Plenty of experiments have closed one or the other of these loopholes, for example by detecting particles that are more reliably caught than photons, or by sending photons so far apart that no slower-than-light signal could flit between them in time to have an effect. By now, most physicists reckon the hidden-variable idea is flawed. But no test had closed both loopholes simultaneously—until this week, that is.

Ronald Hanson of the University of Delft and his colleagues, writing in Nature, describe an experiment that starts with two electrons in laboratories separated by more than a kilometre. Each emits a photon that travels down a fibre to a third lab, where the two photons are entangled. That, in turn, entangles the electrons that generated the photons. The consequence is easily measured particles (the electrons) separated by a distance that precludes any shifty hidden-variable signalling.

Over 18 days, the team measured how correlated the electron measurements were. Perhaps expectedly, yet also oddly, they were far more so than chance would allow—proving quantum mechanics is as weird as Einstein had feared.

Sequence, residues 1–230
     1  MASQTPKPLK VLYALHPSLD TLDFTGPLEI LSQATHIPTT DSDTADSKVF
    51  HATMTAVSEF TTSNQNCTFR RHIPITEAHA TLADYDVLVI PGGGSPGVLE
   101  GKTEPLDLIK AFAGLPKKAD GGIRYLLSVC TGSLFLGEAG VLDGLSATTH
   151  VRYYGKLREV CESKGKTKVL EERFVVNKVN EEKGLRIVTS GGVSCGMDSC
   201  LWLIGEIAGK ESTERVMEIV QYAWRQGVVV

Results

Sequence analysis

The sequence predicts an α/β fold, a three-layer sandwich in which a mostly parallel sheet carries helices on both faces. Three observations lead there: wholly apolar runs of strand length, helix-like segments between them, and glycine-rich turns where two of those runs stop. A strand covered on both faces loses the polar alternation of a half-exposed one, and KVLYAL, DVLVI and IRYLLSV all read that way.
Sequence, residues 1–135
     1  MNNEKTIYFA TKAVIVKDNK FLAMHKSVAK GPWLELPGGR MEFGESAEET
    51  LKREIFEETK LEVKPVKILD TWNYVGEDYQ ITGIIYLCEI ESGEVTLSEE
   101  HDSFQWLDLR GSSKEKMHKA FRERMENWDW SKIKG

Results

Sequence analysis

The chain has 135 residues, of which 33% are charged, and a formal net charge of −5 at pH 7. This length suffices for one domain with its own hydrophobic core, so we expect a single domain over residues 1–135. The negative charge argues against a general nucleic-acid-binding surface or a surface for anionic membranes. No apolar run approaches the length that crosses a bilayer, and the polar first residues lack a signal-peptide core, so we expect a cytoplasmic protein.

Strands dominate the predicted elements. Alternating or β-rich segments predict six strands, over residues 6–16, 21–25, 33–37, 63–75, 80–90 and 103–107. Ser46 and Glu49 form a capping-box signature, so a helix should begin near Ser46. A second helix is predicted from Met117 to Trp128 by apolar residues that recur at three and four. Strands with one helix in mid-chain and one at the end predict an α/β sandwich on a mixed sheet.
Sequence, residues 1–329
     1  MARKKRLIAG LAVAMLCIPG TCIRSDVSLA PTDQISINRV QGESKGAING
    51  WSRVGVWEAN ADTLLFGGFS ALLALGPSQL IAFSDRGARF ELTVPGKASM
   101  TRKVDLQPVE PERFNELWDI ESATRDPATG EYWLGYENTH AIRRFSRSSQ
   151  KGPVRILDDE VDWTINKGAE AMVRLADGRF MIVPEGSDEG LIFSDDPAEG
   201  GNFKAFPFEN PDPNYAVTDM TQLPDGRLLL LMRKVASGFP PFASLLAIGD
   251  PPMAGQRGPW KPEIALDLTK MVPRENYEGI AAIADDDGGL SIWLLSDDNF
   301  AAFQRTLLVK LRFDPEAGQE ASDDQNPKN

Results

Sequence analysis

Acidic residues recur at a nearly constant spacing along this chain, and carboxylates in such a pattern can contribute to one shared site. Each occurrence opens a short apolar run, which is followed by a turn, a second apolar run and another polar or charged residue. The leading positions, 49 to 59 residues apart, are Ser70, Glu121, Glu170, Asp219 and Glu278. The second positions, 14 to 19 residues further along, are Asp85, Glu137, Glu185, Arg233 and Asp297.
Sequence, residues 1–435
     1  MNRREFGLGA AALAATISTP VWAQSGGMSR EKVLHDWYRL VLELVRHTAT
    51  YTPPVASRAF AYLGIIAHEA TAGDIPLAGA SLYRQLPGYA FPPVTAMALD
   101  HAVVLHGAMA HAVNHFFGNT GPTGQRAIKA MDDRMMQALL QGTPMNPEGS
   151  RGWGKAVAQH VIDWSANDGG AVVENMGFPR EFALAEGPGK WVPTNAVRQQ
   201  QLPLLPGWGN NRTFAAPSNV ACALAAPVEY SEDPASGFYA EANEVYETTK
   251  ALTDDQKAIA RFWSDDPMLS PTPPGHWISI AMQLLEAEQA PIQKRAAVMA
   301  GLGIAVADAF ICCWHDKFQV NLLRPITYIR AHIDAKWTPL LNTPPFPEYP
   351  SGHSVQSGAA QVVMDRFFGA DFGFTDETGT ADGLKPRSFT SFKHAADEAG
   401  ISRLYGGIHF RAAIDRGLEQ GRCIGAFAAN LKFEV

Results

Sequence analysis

Though this experiment marks an end to hidden variables, Dr Hanson says it is also a beginning: that of unassailably secure, quantum-enabled cryptography. It was shown in 1991 that the very Bell tests used to probe hidden variables could also serve as a check on quantum cryptography. A loophole-free Bell test, then, could unfailingly reveal if a hacker had interfered with the fundamentally random, quantum business of generating a cryptographic key. So-called device-independent quantum ciphers would, Dr Hanson says, be secure from hackers “even if you don’t trust your own equipment—even if it’s been given to you by the NSA”.

There remains, alas, one hitch that could explain all these counterintuitive findings. Just maybe, every single event that will ever be, from experimenters’ choices of the means of measurement to the choice of article you will read next, were all predetermined at the universe’s birth, and all these experiments are playing out just as predetermined. That, however, is one for the metaphysicists.

See also here.

Ferguson, USA and Albert Einstein

This video from the USA says about itself:

Arise America: Einstein’s Stance on Racism

16 December 2014